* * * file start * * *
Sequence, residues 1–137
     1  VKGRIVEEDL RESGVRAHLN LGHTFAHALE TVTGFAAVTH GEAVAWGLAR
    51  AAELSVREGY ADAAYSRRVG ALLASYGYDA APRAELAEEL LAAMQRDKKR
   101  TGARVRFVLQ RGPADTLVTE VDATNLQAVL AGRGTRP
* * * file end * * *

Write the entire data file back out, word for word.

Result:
Sequence, residues 1–137
     1  VKGRIVEEDL RESGVRAHLN LGHTFAHALE TVTGFAAVTH GEAVAWGLAR
    51  AAELSVREGY ADAAYSRRVG ALLASYGYDA APRAELAEEL LAAMQRDKKR
   101  TGARVRFVLQ RGPADTLVTE VDATNLQAVL AGRGTRP